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Mad for Learning?

Paul was. Are we?

Learning Jesus (4)

Now as he thus made his defense, Festus said with a loud voice, “Paul, you are beside yourself! Much learning is driving you mad!” Acts 26.24

The mind of Christ
The apostle Paul declared – incredibly! – that all who believe in Jesus and are His disciples have the mind of Christ (1 Cor. 2.16).

The mind, with its powers of observation, description, analysis, memory and recall, synthesis, imagination, and problem-solving – as if that weren’t amazing and wonderful enough. But we have the mind of Christ!

Now being in possession of the mind of Christ is no mean thing. Jesus, we recall, used His mind to baffle the theologians of the day, gain insight into the thinking of every person, outwit His enemies and outthink His detractors, teach His followers, proclaim His Kingdom, and even to turn water into wine! And we who are learning Jesus have this same mind! Surely it would be a colossal failure of our calling as stewards of God’s good gifts not to grow into the mind of Christ?

Having the mind of Christ is something to grow into by stages, as we apply ourselves to learning Christ in all the ways available to us. Paul had spent a lifetime learning Christ, but he didn’t realize the truth of what he’d been learning until after his encounter with Jesus on the Damascus Road. Unlike many of us, I doubt that Paul, a rising star in the Jewish ruling class of the day, ever looked back on all the things he studied during his preparation and wondered, “What was all that about? Why all that philosophy and poetry? Why do I need all that stuff to serve my Hebrew brethren?”

God knew what he was doing in making of the young Saul of Tarsus a man evidently mad for learning. In Paul’s ministry and writings, we see the fruit of a life devoted to learning, which he deftly applied to grow in the knowledge of the Lord and to make disciple-making disciples. Saul had always wanted to please God, even when he persecuted the followers of Jesus. All his studies and preparation must have been consciously devoted to preparing him for leadership among the Lord’s people. But only after coming to faith in Christ would Paul realize just how valuable all those years of preparation had been.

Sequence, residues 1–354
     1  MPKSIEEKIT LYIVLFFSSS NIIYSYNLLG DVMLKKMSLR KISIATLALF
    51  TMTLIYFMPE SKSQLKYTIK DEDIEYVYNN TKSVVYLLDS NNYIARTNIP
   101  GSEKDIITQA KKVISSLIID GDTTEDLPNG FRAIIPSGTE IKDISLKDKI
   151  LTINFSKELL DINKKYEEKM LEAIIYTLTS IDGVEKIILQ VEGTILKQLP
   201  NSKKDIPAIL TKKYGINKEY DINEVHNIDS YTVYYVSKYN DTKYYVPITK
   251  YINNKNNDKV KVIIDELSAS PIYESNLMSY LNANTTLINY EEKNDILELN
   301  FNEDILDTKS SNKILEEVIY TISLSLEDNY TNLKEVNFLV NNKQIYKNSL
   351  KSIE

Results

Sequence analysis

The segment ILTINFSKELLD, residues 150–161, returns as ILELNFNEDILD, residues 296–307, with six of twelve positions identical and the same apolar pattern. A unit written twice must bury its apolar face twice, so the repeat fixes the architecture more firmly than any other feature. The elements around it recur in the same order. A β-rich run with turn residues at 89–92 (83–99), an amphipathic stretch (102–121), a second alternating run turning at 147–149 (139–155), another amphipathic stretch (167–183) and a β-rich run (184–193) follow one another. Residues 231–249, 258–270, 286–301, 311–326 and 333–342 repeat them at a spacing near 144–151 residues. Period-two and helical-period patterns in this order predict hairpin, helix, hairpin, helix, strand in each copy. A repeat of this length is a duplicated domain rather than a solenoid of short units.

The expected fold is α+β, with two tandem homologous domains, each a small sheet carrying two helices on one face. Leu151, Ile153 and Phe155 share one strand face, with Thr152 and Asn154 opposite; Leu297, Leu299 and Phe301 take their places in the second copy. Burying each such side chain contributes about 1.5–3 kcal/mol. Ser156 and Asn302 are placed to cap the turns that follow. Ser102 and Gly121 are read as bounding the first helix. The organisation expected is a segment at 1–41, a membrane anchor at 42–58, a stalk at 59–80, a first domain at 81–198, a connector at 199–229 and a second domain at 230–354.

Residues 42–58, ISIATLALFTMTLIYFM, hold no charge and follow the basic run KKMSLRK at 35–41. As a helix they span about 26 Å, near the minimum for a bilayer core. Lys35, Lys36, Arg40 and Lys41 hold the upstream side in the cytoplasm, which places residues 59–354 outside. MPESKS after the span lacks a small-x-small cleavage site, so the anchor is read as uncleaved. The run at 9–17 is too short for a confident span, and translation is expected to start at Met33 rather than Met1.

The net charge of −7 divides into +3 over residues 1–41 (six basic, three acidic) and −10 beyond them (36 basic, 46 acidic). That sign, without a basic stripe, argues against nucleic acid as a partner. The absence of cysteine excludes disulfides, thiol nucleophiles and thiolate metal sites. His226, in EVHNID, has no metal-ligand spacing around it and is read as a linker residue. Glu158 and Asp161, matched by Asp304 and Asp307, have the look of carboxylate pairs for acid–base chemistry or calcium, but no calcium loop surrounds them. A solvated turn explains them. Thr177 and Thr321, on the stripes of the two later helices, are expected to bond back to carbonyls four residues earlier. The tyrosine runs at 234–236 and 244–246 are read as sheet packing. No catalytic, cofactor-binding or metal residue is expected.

From that moment on, Paul devoted his mind to learning Jesus, to taking every thought captive to make it obey the purposes of his discipleship (Eph. 4.17-24; 2 Cor. 10.3-5). And he calls us to imitate him, just as he imitated our Lord Jesus Christ (1 Cor. 11.1).

A whole-life curriculum
As a proud son of the tribe of Benjamin, Saul of Tarsus would have had a chip on his shoulder as a young man. Doubtless his comrades teased and taunted him for having the name of his forebear, King Saul, who brought shame on himself and his nation. Saul of Tarsus would have been determined to vindicate his name and his God by whatever he set out to do in life, including his studies and preparation.

He studied Greek philosophy and literature, because there he could learn the tenets of reason, logic, and argumentation, essential to making one’s way up the leadership ladder. He would have learned culture, world religions, and the patterns and ways of the natural world by devoting himself to the literature of the Greeks.

He also learned the laws and protocols of Roman life. As a citizen of Rome, he would have wanted to know his rights so that he could use them to maximize his advantage whenever necessary.

He sat at the feet of one of the great Jewish teachers of his day, from whom he learned the laws and traditions of his people far above any of his contemporaries. His knowledge of the Old Testament was prodigious, as even a cursory reading of his epistles makes clear.